Dish Network’s customers cut off from HBO
The business dispute that yanked HBO off the air for millions of Americans on Nov. 1 is entering its second week with no signs of a respite.
As many as 2.5 million customers of HBO have lost access to shows such as “Game of Thrones” and “Westworld” through Dish Network, America’s second-largest satellite TV provider. The blackout affects another 10.2 million subscribers who aren’t signed up for HBO but who could be potential customers of the channel.
It’s the first time HBO has ever “gone dark,” in the parlance of TV execs. Viewers are being caught in the middle, with potential consequences on both sides: An extended outage could lead to significant customer losses.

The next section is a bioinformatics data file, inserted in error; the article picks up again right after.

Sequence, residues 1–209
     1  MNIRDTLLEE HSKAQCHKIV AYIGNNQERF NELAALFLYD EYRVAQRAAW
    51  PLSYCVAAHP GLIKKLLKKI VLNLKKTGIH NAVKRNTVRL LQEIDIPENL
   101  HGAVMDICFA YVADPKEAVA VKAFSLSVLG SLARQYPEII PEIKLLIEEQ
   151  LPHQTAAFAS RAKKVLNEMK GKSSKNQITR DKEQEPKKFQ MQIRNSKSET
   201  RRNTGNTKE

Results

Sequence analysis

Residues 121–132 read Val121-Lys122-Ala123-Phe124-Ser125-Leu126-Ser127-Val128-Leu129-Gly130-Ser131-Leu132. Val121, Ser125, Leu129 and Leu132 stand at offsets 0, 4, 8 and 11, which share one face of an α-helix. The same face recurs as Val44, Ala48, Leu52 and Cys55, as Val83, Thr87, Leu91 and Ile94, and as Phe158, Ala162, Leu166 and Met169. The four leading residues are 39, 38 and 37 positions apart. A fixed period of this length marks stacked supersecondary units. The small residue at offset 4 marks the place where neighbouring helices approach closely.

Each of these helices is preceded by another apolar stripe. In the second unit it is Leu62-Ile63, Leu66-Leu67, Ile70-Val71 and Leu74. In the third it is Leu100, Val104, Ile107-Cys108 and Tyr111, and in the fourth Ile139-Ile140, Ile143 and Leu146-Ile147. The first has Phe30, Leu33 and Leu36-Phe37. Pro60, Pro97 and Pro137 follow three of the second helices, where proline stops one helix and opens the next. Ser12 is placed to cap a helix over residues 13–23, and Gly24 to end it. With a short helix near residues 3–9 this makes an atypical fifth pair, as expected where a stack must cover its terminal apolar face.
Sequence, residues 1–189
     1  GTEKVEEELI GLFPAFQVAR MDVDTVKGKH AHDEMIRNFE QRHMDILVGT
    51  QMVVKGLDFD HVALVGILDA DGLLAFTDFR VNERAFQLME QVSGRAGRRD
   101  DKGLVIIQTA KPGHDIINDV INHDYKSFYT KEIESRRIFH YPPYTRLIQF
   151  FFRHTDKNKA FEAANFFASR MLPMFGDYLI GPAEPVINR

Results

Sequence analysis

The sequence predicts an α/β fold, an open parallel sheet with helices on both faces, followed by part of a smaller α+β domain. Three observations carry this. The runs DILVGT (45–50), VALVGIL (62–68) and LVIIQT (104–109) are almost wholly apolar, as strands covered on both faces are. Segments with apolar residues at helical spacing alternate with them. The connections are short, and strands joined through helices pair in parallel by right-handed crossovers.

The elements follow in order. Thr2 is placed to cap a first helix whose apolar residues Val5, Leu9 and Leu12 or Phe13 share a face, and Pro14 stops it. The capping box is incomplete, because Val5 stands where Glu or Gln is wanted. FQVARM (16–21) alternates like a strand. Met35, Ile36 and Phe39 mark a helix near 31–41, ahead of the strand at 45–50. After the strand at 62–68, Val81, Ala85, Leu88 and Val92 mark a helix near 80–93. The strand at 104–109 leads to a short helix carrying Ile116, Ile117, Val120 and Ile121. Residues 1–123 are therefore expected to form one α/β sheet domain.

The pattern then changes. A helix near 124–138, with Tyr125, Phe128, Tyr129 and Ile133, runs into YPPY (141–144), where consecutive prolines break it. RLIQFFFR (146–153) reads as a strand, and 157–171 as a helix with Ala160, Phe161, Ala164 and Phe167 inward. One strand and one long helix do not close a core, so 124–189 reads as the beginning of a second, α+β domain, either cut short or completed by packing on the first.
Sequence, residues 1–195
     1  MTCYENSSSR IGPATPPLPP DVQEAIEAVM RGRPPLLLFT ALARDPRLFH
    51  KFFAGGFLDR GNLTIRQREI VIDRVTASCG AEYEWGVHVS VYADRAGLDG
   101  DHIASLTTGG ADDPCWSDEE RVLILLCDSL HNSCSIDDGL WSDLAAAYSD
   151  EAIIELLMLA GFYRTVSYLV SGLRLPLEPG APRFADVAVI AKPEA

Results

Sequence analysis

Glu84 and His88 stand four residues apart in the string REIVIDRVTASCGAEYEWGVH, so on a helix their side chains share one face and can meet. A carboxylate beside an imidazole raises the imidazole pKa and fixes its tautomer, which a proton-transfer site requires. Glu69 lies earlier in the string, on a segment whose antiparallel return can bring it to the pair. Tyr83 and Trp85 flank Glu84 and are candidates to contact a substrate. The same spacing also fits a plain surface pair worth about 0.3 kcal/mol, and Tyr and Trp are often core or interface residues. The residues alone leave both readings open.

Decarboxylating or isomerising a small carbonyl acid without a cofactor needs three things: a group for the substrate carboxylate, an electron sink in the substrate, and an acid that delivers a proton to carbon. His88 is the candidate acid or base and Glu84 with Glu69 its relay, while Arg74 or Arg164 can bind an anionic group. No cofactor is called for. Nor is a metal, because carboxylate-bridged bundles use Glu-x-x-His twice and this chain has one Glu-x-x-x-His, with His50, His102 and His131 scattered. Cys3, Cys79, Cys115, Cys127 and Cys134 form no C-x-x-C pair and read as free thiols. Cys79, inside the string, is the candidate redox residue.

The standoff between Dish and HBO stems from a seemingly run-of-the-mill contract negotiation over whether Dish should pay HBO for a guaranteed number of customers, whether those subscribers materialize or not.
But it also takes place against the backdrop of a historic Justice Department effort to scrutinize the increasingly concentrated media industry and to unwind the merger that gave control of HBO to one of the nation’s biggest telecom companies: AT&T.
The impasse reflects the legacy television business’s dire condition. What began as a trickle of consumers toward digital TV alternatives, such as Netflix and Hulu, has turned into a torrent, with analysts such as eMarketer predicting that 33 million Americans will have given up their pay-TV subscriptions by the end of the year.